As the autumn air ushers out the summer sun I, like many of my friends around the world living with fibromyalgia reel from a flare of unforgiving symptoms.
A change in season. You’d be forgiven for thinking I’d be used to it by now, seeing as I live with a chronic pain condition. Fibromyalgia is not a one time thing, or an occasional flu type thing. It’s an all the time kinda thing. It never goes away. It rises and ebbs depending on the day and is different for every person living with it. But it does not go away. (No cure, no thanks to the lack of research and attention paid to it by the powers that be). It is chronic, you get it.
But the truth is it gets me every time. Every time.
Every time the seasons change or the weather shifts suddenly I experience a fibromyalgia flare. Unrelenting and destabilising. It devastates me.Fibromyalgia is not a one time thing, or an occasional flu type thing. It’s an all the time kinda thing. Click To Tweet
Different types of pains in various parts of my body are going constantly at the moment. I am exhausted from pain and I know that if this continues, in a few days, maybe three or five or seven, I will get delirious from it.
Throbbing, stabbing, burning, achy, stinging pains, ones that travel… in my fingers, my back, my head, shoulders, arms, legs…
Oh the pain
It keeps me awake even as a heavier than normal fatigue lays itself over me daily like a weighed winter coat loaded with boulders in its pockets.
In the mornings a heaviness settles on my head bringing me into the day with a lingering migraine.
Together with the crippling fatigue I’m struggling again to get out of bed in the mornings. It calls to nausea and dizziness and I feel like I will pass out even while I’m horizontal.
I’ve gone from proudly coping with my pain most days without painkillers to praying that my 1000mg four-times-a-day painkillers will at least help me get the edge off the pain.
It’s failing spectacularly.
Over the years, through self learning and sharing with other bloggers, I’ve gotten to a place where I manage through the days without taking painkillers – it is my choice- because I don’t want them to lose their effect for the days when I’m in severe pain and in need of relief. Particularly given the great injustice of many doctors refusing to give chronic pain patients drugs that actually provide relief.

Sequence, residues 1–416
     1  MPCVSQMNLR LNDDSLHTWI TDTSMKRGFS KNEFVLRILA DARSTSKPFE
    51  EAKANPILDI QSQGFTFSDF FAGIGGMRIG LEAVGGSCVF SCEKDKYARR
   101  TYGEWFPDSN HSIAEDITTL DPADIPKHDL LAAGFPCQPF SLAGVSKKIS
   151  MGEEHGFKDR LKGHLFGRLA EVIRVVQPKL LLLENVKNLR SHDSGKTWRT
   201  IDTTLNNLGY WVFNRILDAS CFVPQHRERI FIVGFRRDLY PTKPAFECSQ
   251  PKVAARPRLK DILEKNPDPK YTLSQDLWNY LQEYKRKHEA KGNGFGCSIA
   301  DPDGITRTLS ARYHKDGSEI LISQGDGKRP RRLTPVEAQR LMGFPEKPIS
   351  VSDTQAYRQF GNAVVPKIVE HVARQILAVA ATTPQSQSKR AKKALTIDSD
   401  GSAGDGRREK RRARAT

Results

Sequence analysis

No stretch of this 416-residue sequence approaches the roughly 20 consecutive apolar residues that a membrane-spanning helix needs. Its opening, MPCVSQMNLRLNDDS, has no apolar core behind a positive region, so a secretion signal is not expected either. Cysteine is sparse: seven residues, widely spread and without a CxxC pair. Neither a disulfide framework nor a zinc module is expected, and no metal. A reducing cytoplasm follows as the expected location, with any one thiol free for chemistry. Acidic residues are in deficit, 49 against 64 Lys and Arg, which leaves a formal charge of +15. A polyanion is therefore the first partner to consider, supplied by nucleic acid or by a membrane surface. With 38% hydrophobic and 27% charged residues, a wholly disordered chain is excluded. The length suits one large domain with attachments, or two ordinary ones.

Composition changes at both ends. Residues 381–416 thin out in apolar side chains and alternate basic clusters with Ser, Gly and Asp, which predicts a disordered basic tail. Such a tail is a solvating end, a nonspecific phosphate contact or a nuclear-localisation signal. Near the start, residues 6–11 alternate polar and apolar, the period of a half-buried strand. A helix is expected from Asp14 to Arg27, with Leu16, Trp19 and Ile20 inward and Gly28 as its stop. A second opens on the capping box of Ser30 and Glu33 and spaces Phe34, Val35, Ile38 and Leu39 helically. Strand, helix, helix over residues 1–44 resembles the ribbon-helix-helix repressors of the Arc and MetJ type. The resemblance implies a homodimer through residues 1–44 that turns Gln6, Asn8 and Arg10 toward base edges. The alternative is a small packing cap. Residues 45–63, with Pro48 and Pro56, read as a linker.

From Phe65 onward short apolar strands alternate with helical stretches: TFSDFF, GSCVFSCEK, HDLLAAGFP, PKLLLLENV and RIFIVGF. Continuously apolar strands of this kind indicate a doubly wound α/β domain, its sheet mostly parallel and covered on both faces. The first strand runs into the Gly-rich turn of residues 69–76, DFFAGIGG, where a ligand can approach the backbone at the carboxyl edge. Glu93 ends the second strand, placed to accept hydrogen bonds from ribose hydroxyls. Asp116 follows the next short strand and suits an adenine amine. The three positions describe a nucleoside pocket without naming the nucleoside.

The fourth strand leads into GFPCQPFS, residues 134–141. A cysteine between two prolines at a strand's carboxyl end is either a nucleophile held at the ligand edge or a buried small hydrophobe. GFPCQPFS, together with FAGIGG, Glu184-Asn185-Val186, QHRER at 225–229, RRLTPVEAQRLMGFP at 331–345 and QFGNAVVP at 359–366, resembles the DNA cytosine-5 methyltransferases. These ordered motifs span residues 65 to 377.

I do that so at times like now, when I’m having a severe flare I have something that helps, even if a little, so I don’t endure additional sufferation aka suffering.
Note: Sufferation (Trinidadian slang; Noun)- Suffering to a higher degree
Compassion and a little help from our friends
But my God it is hard. This is even with the things that help like the Epsom salt baths, juicing to keep up my intake of fresh anti inflammatory foods like ginger and turmeric roots, eating clean, stretching etc. And even with the things that are supposed to help like vitamins, iron supplement, managing stress etc.
Change of weather/season flares often leave me feeling dejected. It ushers back in hopelessness where I think how much longer can I live like this. But I know many other fibromyalgia friends are suffering more. I am thankful at least that outside of changing seasons I’ve found a routine and ways of managing that have improved my quality of life so everyday is not like today.
I am grateful, utterly grateful that my workplace has shown compassion and flexibility. Without it, I wouldn’t be able to work. Before the pandemic I had a mix of working from home and going into the office. This has continued and I cannot overstate my thanks. Because it means that when I get very unwell, dizzy, having bouts of sleep paralysis or am delirious from pain and so on, it means I can have a safe space to recuperate comfortably and look after myself until I am well enough to work again. No worrying about how I will survive the journey home without passing out while standing on a packed train. And to all the work-from-home sceptics (if there are any left!) I’m more productive than I’ve ever been. Even with my sleep deprivation (thanks insomnia and pain).
My heart goes out to all fibromyalgia friends struggling, going through flares and feeling alone. Those without compassionate employers and/or families/friends.
You’re not alone.
Living with fibromyalgia isn’t easy, add the lack of research and understanding from the medical fraternity. We need compassion and a little help from our friends. Where we cannot find it, we must give it to ourselves. Be kind to ourselves.
My friend phoned from Trinidad yesterday and said “What would grandma tell you to do?”
“I dunno,” I shrugged, feeling sorry for myself and wishing my Ma was here to fuss over me as she did my whole life until departing last year.
“You know what she would say! She’d say go make a cup of tea”
And he was right.
Later that night I dreamt Ma encouraging me to juice more turmeric and ginger root with vegetables. I woke with a tear but encouragement.
I am not alone, she reminded me, even if it feels like it at times.My heart goes out to all fibromyalgia friends struggling, going through flares and feeling alone. Those without compassionate employers and/or families/friends. You’re not alone. Click To Tweet
So today I am giving myself the kindness my Ma would have shown to me. I am fussing over myself, making my tea, having my Epsom salt baths, I will juice another batch this weekend, remember to take my meds, try to rest and every time I feel like fretting I will ask myself “what would Ma do?” And do just that.
I hope that you have someone in your life to encourage you as you ride this wave of fibromyalgia flares.
Sending you love and hugs x
Photo by Nick Fewings